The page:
In addition, some doctors’ offices will have one email address, and communicate through Post-its or may not have a voicemail system, but an off-site voicemail system that a phone company offers. I’ve gone to general practitioners’ offices and see that they are practicing very modern medicine, in a very medieval environment. We want to get them an access point that is secure and easy to use, because once each of the computers is connected, they don’t have to sign on every time. It’s highly secure and we can see everything from the cloud and support them remotely. What are the advantages and disadvantages of using this service? What challenges did you face in implementation or sales of this service?

Smith: Anything that makes an MSP’s job easier while maintaining or raising the value to our clients seems like a no-brainer to me. If you could have a unified solution where you were able to monitor and administrate from a single Web interface from wherever you are, I would be hard-pressed to find an issue with why someone wouldn’t want that.

The disadvantages would be just like anything in a cloud -- you’re putting your service in the hands of a vendor. Let’s say, you have an outage, while the APs will still function, you won’t really be able to administrate them. All the power is in the cloud for controlling a device. You’re creating a bit of a reliance on a vendor. So, for that additional functionality, you’re taking a bit of a risk, which comes with any technology. We try to mitigate that risk as much as possible. Also, where the service is now, we are kind of tied into the D-link AP that they have rolled out right now. They are looking at additional ones, but if you are looking into rolling us out, your hardware choices are quite limited because their software has to tie in so directly. 

We kind of learned the hard way that we need to wrap this up into a bow and show them the benefits to these products and services. Our new sales rep, Carmen, has taught us how to speak human a bit better when it comes to business and a lot of these new services we are bringing online. Once we can have a meeting of the minds in the business land with some clients and potential clients, that light bulb goes off for them, and they say, ‘Why didn’t you say so?’ What is your sales/business model? Do you charge for implementation and then an ongoing management service subscription rate?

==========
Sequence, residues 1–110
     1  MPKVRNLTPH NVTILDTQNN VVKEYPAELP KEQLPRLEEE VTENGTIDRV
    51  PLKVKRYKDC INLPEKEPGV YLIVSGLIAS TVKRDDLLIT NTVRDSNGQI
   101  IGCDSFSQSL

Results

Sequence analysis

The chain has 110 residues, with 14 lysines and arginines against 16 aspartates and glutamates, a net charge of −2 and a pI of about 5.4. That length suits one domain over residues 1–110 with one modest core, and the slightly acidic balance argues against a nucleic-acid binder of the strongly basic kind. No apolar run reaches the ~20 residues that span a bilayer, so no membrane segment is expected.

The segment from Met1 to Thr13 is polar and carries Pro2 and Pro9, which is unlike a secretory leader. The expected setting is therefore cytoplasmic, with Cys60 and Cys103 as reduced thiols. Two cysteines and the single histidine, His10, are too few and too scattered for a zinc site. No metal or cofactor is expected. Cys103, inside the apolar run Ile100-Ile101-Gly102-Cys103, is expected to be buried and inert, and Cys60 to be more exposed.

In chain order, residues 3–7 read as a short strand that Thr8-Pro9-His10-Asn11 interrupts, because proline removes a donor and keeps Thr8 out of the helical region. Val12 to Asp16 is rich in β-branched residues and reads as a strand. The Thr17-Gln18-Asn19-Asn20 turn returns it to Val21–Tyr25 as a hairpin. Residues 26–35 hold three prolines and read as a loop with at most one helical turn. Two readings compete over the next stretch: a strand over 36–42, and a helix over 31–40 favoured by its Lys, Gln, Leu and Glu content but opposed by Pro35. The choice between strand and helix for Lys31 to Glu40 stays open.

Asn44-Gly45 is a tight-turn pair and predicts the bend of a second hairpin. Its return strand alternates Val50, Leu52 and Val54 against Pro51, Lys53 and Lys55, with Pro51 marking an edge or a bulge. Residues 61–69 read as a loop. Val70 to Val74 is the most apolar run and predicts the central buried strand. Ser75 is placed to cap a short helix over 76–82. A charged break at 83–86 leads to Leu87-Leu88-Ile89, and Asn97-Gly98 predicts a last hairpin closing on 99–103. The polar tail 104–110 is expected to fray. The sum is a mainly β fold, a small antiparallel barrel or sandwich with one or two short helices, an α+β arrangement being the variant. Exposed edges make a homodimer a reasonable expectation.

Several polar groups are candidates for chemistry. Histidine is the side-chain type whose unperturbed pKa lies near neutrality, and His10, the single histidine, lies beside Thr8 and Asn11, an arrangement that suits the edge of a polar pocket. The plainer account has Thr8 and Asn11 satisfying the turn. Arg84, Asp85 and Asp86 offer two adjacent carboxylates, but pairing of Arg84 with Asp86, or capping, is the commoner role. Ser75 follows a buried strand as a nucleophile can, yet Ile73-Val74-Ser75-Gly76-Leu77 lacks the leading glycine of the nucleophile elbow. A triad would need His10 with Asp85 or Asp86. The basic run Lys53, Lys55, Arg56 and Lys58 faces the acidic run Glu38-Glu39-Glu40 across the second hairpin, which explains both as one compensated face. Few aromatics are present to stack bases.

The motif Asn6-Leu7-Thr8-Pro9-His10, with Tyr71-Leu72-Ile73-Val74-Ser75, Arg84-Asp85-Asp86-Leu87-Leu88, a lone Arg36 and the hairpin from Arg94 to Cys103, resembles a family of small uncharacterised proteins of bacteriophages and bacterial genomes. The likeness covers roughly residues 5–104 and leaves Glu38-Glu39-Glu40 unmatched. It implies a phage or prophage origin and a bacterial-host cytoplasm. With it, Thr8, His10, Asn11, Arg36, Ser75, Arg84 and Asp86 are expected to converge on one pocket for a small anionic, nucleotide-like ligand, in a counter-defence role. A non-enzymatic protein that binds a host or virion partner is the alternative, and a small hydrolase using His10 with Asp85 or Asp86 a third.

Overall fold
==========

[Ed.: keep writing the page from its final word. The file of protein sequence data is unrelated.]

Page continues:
Smith: It’s a case-by-case basis, but for the most part, we go in initially and do a basic assessment to see how to get them up to ground level. Some practices will have a really old access point that doesn’t support the latest encryption or they won’t have a firewall in place, or they’ll just need a lot of help. We may also do an initial project, to get them up to what we call a business grade network. From there, we would go into offering them a managed services solution, to where we become their virtual IT department, where we manage all aspects of technology. So we would take care of the phone call if there is a problem with a third party, problem with a printer, etc. We try to take the headache of IT off their shoulders, so they focus on their business, not the tools they run their business on top of. A monthly service to manage all their IT, the occasional project, if they want to roll out a new network, etc. -- those are more project based. We meet with them on a quarterly basis to discuss what we did right, what we did wrong, what we want to do next and how we are going to get there. We do a gentle plan every 3 months or so and figure out how to keep things moving forward and support them, and keep their business running smoothly. In terms of partner profit, how does cloud-managed wireless LAN differ from other ways of selling wireless?

Smith: One thing is that there is an annual fee. We get a discount on the APs, and if we bring in new hardware, assuming this is a project, there is markup/margin on the hardware, but there is also the annual service cost. A lot of times we’ll bundle in the cost of the portal or cloud management into the managed services contract. It’s mostly invisible. We’ll say it’s going to be X dollars for these APs, and X dollars monthly for us to manage your technology.